Eggs

IT’S EASTER: LET’S TALK ABOUT EGGS Ever wondered which came first: the chicken or the egg? Well, the ancient Egyptians, Persians, Phoenicians and Hindus all believed the world was hatched from an enormous egg. Throughout the ages, the egg has symbolized new beginnings and the spark of creation.  Magic rituals often use eggs to promote fertility, restore virility and

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Turmeric

By at April 3, 2014 | 11:49 am | 0 Comment

Turmeric

Turmeric is the wonder spice of the moment, a tonic for pretty much anything that ails you. Turmeric is botanically known as Curcuma longa, derived from the old Arabic name for saffron (“kurkum”).  Although the color it imparts to food is similar to saffron,  the plant is actually a member of the ginger family and unrelated to saffron. Turmeric is native to tropical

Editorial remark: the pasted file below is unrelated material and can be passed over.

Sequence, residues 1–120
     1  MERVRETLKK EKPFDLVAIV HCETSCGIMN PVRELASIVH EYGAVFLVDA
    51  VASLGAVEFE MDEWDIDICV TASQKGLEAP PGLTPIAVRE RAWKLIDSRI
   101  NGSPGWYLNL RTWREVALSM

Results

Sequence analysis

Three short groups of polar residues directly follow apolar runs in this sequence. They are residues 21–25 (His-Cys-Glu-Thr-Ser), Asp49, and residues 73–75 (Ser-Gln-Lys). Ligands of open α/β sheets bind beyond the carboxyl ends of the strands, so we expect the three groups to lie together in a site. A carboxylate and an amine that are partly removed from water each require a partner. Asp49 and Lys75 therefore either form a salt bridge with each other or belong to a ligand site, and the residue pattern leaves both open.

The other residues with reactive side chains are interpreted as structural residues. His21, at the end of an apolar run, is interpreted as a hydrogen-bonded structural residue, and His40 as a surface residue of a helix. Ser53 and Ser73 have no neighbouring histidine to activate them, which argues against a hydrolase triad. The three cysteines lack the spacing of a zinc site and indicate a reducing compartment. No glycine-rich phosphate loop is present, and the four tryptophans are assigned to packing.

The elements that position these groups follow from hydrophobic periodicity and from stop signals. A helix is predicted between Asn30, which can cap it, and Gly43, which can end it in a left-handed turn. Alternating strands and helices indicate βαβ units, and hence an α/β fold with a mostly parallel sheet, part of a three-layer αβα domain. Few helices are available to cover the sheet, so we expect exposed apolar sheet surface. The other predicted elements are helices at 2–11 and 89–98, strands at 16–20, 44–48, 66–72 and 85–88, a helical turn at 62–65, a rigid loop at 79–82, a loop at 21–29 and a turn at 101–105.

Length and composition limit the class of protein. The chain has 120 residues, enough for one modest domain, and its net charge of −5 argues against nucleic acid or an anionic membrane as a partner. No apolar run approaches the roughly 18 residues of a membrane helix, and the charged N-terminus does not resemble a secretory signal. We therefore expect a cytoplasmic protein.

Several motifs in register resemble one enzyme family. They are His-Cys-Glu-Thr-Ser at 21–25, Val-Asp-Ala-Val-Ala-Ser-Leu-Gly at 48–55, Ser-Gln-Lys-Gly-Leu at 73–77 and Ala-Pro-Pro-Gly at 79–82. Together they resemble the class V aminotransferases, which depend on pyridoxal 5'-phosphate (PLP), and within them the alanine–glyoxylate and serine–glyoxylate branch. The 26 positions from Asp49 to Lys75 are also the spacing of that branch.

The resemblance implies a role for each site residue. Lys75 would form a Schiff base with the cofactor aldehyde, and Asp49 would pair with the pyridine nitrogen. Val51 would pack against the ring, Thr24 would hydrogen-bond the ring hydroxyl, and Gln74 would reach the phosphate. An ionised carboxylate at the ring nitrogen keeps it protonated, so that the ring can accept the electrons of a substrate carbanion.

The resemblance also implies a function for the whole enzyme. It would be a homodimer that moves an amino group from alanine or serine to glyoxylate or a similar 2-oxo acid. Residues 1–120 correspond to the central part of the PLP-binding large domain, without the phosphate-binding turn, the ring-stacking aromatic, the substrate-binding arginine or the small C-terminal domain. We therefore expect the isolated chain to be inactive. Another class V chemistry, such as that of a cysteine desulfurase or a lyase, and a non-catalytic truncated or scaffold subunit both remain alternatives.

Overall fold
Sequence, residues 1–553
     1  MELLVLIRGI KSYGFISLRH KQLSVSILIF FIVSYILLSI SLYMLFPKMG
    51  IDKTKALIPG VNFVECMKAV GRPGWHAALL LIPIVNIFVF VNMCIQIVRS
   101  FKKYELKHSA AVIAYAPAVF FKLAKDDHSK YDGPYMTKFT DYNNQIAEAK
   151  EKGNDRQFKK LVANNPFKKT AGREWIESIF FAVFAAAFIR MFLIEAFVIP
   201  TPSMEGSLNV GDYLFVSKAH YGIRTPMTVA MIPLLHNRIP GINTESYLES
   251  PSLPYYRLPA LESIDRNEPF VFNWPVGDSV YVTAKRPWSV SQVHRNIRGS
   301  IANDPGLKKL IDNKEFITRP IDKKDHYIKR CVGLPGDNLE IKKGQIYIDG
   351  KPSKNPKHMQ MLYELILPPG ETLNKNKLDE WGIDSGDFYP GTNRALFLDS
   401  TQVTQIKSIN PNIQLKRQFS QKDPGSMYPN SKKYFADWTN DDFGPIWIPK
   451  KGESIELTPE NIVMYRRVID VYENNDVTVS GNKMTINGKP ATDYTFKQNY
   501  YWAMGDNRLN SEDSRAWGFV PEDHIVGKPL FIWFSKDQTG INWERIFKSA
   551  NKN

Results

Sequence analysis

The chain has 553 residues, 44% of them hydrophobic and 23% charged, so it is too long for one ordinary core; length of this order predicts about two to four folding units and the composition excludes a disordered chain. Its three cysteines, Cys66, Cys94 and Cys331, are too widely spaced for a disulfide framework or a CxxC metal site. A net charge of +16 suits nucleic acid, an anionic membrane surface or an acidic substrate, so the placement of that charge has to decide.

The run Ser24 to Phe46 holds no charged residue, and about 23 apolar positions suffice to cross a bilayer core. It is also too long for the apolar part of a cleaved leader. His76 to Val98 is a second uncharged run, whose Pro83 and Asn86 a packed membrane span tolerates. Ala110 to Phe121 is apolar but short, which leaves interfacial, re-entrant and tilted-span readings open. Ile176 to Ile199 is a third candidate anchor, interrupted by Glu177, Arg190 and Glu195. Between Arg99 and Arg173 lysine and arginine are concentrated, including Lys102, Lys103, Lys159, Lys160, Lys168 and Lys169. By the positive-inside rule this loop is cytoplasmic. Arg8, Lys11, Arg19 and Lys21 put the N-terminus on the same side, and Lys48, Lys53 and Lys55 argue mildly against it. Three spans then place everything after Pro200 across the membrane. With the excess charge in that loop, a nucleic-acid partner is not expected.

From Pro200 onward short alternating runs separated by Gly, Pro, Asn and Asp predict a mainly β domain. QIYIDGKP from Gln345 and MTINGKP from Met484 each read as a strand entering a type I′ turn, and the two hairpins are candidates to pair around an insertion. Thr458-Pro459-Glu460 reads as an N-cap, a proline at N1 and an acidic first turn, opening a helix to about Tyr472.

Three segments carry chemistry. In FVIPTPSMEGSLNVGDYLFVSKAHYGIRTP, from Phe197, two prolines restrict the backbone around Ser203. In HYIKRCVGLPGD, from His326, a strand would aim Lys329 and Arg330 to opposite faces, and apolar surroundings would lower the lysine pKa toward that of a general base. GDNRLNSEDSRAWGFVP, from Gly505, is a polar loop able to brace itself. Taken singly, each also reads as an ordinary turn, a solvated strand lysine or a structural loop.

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Onions

By at March 23, 2014 | 11:29 am | 0 Comment

Onions

  I love onions.  Most of the recipes I like start with sautéing onions and garlic in olive oil.  So it is great to know that onions are not only delicious, they are also good for you.  Scanning the web, I found lots of testimonials to the curative power of onions. Onions are one of the earliest known food medicines.  For centuries, onions have been

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Avocado

By at February 24, 2014 | 3:57 pm | 0 Comment

Avocado photo